Did you know that John Paul II Junior College has established the first cybersecurity program in Belize through an international partnership?
We are excited to share with you this brand-new initiative to bring cybersecurity to the classrooms at John Paul. By means of new friendships at the University of St. Thomas in Houston, Texas, an MOU (memorandum of understanding) was signed in February of this year, setting the plan in motion. JP’s dean, Natalie Gallatin, worked quickly to get everything ready on our end, while Dr. Mark Amelang and Dr. Hans Stockton of UST worked their magic abroad.
“When we announced that we had signed with the University of St. Thomas, our community was immediately excited about the new opportunities that are now within reach. This signing established the only cybersecurity program in Belize and has the real possibility of national impact,” reports Ms. Gallatin.
This fall, it was agreed that JP students would take the cybersecurity courses from UST online, meeting in person with local teacher’s aid, Mr. Harry Noble. Raised in the sugarcane fields, Mr. Noble sought a different future for himself through computer science. Now residing in Benque, he is able to be a model and guide for our students. Every concentration is taken along with the same liberal arts core, and the cybersecurity concentration is no different. Since they take more credits than students in other concentrations, the cybersecurity concentrators need to be gritty and determined to succeed. Formed intellectually, spiritually, and morally by the liberal arts, our students will be able to enter the cybersecurity field and, through it, make a real impact on Belize. Indeed, they will be at the forefront of the field as the nation develops its technological industries.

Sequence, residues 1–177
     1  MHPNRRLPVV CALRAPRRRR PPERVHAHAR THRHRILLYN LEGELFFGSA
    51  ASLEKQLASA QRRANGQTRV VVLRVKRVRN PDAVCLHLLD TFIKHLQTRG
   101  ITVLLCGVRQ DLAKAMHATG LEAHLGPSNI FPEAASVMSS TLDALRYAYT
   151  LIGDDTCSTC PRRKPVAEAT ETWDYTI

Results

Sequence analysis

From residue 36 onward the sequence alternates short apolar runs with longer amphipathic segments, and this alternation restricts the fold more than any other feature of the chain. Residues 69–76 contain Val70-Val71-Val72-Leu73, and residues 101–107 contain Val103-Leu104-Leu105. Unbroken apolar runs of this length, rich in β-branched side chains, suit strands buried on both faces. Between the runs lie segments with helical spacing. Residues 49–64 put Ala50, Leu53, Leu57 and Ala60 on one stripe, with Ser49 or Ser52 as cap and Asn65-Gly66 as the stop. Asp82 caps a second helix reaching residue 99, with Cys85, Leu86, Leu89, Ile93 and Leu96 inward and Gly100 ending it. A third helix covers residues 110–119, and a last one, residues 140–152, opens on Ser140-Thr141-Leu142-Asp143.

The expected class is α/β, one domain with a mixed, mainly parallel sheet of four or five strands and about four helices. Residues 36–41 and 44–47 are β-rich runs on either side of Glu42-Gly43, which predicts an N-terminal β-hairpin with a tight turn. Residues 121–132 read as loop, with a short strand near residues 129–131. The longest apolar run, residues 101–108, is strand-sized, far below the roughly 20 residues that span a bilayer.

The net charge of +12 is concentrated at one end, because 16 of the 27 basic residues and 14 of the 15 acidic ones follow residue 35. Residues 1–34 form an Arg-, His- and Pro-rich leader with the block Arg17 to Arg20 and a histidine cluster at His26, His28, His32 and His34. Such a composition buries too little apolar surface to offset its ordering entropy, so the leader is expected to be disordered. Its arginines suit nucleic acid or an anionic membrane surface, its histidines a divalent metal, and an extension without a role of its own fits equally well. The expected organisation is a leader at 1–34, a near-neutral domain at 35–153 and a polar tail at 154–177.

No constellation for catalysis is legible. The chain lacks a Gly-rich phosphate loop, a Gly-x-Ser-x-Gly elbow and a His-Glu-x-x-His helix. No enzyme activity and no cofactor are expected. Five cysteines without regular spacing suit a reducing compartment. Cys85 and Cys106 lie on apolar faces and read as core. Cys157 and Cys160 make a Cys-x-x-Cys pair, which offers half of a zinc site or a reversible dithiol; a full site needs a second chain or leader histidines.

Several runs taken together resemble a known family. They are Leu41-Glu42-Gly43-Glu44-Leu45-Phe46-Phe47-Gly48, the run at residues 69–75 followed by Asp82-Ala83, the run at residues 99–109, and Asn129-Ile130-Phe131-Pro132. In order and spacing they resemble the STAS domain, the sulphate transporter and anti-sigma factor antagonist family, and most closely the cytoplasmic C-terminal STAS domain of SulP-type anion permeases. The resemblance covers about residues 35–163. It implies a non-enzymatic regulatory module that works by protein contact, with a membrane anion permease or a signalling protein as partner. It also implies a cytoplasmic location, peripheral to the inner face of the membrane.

Meet the first five students of the new program: Gian Guerra, Hailey Cruz, Damari Higueros, Eiden Mejia, and Angelo Cocom (not pictured). Their desire for an education in technology can now be realized thanks to those at UST who so willingly collaborated with us. The full impact this dream-turned-reality will have on Belize is yet to be seen, but we are hopeful it is another step towards a stable future for Belize’s youth.
When asked why she wanted to join the program, Damari replied, “Nobody in my family has ever studied computer science. I want to make my parents proud.”
Students like Gian and Hailey have had an interest in technology from a young age. Gian adds, “Since I was small, I have loved technology. Now, since there’s this opportunity in Benque, my hometown, I want to take advantage of it.”
The heavier credit load and the fact that our students are enrolled in an American university adds another consequence: expense. UST has given an enormously generous discount for their tuition which has enabled our students to afford the program. However, the overall cost, including ever-changing textbooks, is much more than our average student can handle, even with government and institutional aid. If you would like to help Gian, Hailey, Eiden, Angelo, and future students like them, donations can be given through our Give page.
Ms. Gallatin expresses her gratitude by saying, “To meet UST and, within the same year, get a program off the ground is remarkable. It is such a gift that a university with so much experience, expertise, and resources would come and meet us and make it happen—would open the door of success to students who can now dream in their hometown.”